When the 4Ps Motoring Team challenged me to undertake a review of some big brands for the Moto GP event the first thing that I realised was that just collecting the SERP sampling data was going to be an enormous pain thanks to the plethora of microsites and subdomains and showcase sites that seem to orbit all these big biking brands. So challenge one was finding the dratted things so I could work out which URLs to sample in the first place.
The brands we attempted to look at were Honda, Ducati and Yamaha, in various incarnations over their often very fragmented web presence. We followed the usual methodology of tracking a selection of relevant high volume query terms in our trusty SERP sampler, Stat, and then totting up the results to see which brand sites were showing up in the organic listings for terms related to Moto GP.
Honda noticeably lagged behind on visibility for the event for its main .com and .co.uk sites, but then it also has world.honda.com/MotoGP/ and www.hondaproracing.com/motogp/ competing against each other on a branded search. Perhaps sampling for those as well would give some kind of search footprint, but I have to ask what possible benefit Honda think they’re getting from competing with themselves for such a high profile event.
Unsurprisingly the specialist site for Yamaha, www.yamahamotogp.com, dominated the main brand site at www.yamaha-motor.eu for Moto GP terms. Can’t help but wonder how much the brand would potentially benefit from amalgamating those sites together, bringing theme and authority together at a single touchpoint for the Yamaha Motors brand, but at least the brand isn’t as actively fighting against itself as Honda.
Ducati arguably comes off best of the brands in this very non-exhaustive sample, keeping its racing content on the main www.ducati.com website although again competing with itself (not to mention skirting potential Google problems with duplication) on the not even top level domain geotargeted www.ducatiuk.com. Unfortunately “best” in this case isn’t really anything to shout about, but there’s at least some evidence of unified site thinking over at Ducati HQ.
There’s not much point going into the depths of particular markups and optimisation for each fragmented bit of web presence for these sites given their setup. I will say this, however: I loathe campaign sites. Microsites, subdomains, showcases, whatever the dickens kind of buzzword you want to call them. Why any brand would choose to so violently fragment its presence all over the web rather than having a single obvious and clear touchpoint continues to baffle me on an almost daily basis.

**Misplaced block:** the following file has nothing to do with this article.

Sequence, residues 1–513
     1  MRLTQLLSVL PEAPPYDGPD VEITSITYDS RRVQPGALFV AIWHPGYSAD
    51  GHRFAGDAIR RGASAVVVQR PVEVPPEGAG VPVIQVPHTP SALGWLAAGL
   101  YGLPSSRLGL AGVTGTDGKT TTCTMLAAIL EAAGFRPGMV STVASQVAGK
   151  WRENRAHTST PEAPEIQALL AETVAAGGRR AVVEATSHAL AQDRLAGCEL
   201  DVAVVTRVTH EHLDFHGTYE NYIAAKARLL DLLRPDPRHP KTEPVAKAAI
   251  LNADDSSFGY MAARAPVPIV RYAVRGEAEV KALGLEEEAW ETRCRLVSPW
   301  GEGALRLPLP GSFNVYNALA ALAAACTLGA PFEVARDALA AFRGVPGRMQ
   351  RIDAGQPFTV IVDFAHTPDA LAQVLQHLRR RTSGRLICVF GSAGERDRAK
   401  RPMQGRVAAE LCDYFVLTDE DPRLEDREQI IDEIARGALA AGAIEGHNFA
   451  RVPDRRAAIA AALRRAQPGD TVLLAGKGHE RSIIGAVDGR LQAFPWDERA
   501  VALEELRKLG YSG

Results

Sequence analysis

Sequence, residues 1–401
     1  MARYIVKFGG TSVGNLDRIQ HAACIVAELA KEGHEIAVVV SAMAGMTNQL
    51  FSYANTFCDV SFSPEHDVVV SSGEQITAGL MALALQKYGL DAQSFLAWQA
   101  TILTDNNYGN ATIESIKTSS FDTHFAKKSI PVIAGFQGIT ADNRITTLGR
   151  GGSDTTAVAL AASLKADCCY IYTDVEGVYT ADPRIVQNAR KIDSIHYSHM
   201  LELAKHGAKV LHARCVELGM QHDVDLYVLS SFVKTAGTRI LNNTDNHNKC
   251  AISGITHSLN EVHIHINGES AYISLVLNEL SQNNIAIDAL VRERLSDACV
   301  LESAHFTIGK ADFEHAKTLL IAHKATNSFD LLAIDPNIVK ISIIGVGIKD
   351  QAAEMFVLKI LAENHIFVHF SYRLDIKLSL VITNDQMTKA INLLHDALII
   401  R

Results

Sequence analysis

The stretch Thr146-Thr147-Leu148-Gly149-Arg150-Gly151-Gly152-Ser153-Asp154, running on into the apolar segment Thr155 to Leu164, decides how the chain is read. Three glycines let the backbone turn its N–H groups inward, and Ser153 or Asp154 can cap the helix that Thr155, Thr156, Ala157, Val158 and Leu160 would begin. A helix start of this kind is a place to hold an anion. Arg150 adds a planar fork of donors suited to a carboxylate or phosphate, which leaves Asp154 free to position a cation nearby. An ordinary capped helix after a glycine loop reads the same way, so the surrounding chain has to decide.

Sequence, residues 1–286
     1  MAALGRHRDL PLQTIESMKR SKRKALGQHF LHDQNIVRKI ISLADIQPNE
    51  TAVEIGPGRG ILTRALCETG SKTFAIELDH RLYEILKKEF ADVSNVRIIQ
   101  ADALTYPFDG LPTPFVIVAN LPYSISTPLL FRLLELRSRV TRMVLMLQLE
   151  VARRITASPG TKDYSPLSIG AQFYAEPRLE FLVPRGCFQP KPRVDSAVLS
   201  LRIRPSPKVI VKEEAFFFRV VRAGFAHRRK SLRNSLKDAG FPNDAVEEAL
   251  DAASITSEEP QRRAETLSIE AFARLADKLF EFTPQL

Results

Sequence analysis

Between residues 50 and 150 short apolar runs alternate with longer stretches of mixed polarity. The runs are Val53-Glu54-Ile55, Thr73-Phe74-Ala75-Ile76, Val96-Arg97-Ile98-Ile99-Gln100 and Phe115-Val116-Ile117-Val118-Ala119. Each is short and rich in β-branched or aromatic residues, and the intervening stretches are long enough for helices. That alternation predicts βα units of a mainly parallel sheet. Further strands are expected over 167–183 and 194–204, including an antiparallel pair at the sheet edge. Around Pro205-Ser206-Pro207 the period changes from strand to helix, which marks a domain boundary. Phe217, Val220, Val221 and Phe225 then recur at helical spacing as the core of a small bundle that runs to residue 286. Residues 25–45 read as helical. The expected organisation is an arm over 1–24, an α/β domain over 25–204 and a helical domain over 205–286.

It’s poor for brand – how do users, let alone search engines – guess which site they should visit? It’s poor for search because it introduces duplication risks, self-competition and lack of authority unification. It’s even a pain for tracking, and having umpteen different campaign websites and subdomains and goodness knows what else is just plain confusing when you’re trying to draw up something like a cohesive marketing strategy or just keep track of all your web assets. Forget about getting meaningful engagement data and results out of it without some kind of supercomputer and/or divination ritual on hand.
So in the name of Moto GP I’m going to do something I don’t do very often – I’m going to put the SEO stick down and pick up the big boy in the motoring world, which is brand advocacy. The equity of brand, especially in a digital environment, is driven by user experience.
So what is a better experience for a user – having a single one-stop-shop for All Things Brand X online, or seeing a lot of different domains and subdomains scattered around in their search results and having to try and figure out which one they want to click on? What is better to inform brand marketing efforts – integrated data that can easily give you a user’s first touchpoint and how they engaged with and moved through your content, or just a bunch of traffic and bounce rate statistics for different domains and site ecosystems?
So bikers of the world, please stop self-competing – you have nothing to lose except the befuddlement of your audience and the value of your marketing data!
4Ps isn’t just another SEO agency. To discuss how SEO, content and PR are evolving together to meet the demands of users and big brands, give us a call on +44 (0)207 607 5650 for a no-obligation coffee and chat about data, marketing and technology across all inbound channels.